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Student Stories from Around the World

Ramadan in Rabat

Author: Garrett Gilmartin

Location: Rabat, Morocco

Pronouns: He/His/Him

So my study abroad program is over and most people are headed back to the United States to see their family and friends and enjoy the summer, however that is not what I am doing. I am kickin’ off my summer by visiting some amazing people I have met throughout my time abroad. First I stopped in Madrid to leave a bag with a friend who teaches english there. Now I’m in the capital of Morocco, Rabat. After this I’ll make a stop in London then make my way home, but my time here in Morocco has been one of the most impactful trips of my life.

The first time I went to Morocco was through my study abroad program. My program group took a ferry, in the beginning of the semester, from the south of Spain to Tangier, a major port in Morocco and a beautiful lively city. We quickly hopped cities to see as many sites as possible, forts, Moorish and Roman ruins, markets, and such. We went from Tangier to Asilah and then Rabat. Rabat is large city but it is not filled with skyscrapers and pushy independent people. Rabat is filled with the usual banks and supermarkets but also street markets and friendly neighbors. We stayed overnight with families for two nights and it was a blast. The last day we had to leave to see Chefchaouen, the blue pearl of Morocco, but I didn’t want to leave my new friends in Rabat. Alas, I had to return for classes but I promised I would visit them soon.

Now, here I am in Morocco in the end of May. Every year around the world Islamic people fast until the sun goes down every day for a month. This year the month of Ramadan was May. I am now staying with the family that I had originally met on my first visit and I couldn’t feel more at home. I am constantly reminded by my host father here that I am family and that I will always have a place within their family. In addition, my Moroccan family is fasting for Ramadan and refuse to let me fast with them. Instead, much like the islamic children, the family still prepares food for me. Many islamic children do not fast until they are older so they do not get sick or impede physical growth and development. The Moroccans I have met all stay up until two or three in the morning on a normal day but when it’s Ramadan they stay up until four or five in the morning. This is because once the sun is down they prepare and eat a meal but this is not dinner. It tends to be dinner like food, however, my Moroccan sister tells me that it is the second meal around midnight or one in the morning that they call dinner. There are two meals because when fasting, Muslims can eat from when the sun goes down to the first of the five daily prayers. So, I eat way too much every night and drink copious amounts of mint tea, the Moroccan special.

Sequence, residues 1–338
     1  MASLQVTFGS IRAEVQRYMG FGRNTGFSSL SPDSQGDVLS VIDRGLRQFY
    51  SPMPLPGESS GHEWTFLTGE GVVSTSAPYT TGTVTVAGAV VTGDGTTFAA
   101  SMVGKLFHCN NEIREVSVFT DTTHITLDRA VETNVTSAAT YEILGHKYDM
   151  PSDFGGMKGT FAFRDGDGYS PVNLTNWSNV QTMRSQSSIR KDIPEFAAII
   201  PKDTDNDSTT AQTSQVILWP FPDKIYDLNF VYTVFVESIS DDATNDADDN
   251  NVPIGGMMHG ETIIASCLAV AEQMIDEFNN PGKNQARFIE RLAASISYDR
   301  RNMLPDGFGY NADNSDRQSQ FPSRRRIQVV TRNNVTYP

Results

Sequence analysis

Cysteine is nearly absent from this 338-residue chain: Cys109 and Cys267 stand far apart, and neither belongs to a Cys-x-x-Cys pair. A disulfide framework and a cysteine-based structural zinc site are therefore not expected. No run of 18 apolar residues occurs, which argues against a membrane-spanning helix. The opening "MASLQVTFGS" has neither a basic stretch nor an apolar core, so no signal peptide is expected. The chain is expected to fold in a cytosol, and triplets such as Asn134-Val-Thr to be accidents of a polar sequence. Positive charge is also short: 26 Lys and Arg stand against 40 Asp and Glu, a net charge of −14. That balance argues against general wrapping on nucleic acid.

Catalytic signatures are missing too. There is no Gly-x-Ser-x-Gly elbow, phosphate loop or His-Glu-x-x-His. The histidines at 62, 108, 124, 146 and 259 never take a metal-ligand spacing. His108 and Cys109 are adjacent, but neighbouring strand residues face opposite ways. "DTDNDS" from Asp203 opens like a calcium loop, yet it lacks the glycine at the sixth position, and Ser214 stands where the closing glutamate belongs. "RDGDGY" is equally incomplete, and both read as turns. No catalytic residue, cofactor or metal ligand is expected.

Ramadan changes more than the time Muslims and Moroccans eat and sleep. Rabat has a beautiful beach that is usually full all day and clear by the time the sun is down. During Ramadan the beach is full all day and full all night as people gather on the beach to watch the sun set and then to eat, sing, and dance. I got to experience this right thanks to my wonderful Moroccan family who prepared amazing food and showed me how to drum a Moroccan beat on the table. Ramadan also changes people’s moods because it is meant to be a time of giving and generosity. Many stores or stands say something like “Ramadan generosity” but in Arabic, of course. I have truly never seen anything like Rabat.

Now as I prepare to leave I remember all the things people said to me before Morocco. “Isn’t it dangerous?” “If it’s Ramadan you’re going to starve!” “Are you sure that’s a good Idea?”. It’s obviously important to think about food and safety when travelling but it’s important to not jump to conclusions about places that we don’t have experience with or research on. Morocco is super safe and there are so many welcoming people. I highly recommend Rabat for future or current study abroaders, but to be more broad, a take away for students wanting to study abroad is that if you want to go somewhere different, and maybe even shocking culturally, DO IT! You never know what you will find and who you will meet. The more scared or hesitant you are about that kind of trip the more you miss out or don’t enjoy the trip if you end up going. Embrace culture! Embrace life! Go out there and live.

1 Comment

  1. The last meal you eat in Ramadan is called “Sohour ” and not dinner also some families eat dinner and wake up to eat the “Sohour” even if its just a cup of water because its a part of Ramadan and usually people who work during the day who does that . Thanks for sharing this nice article and welcome to Morocco anytime .

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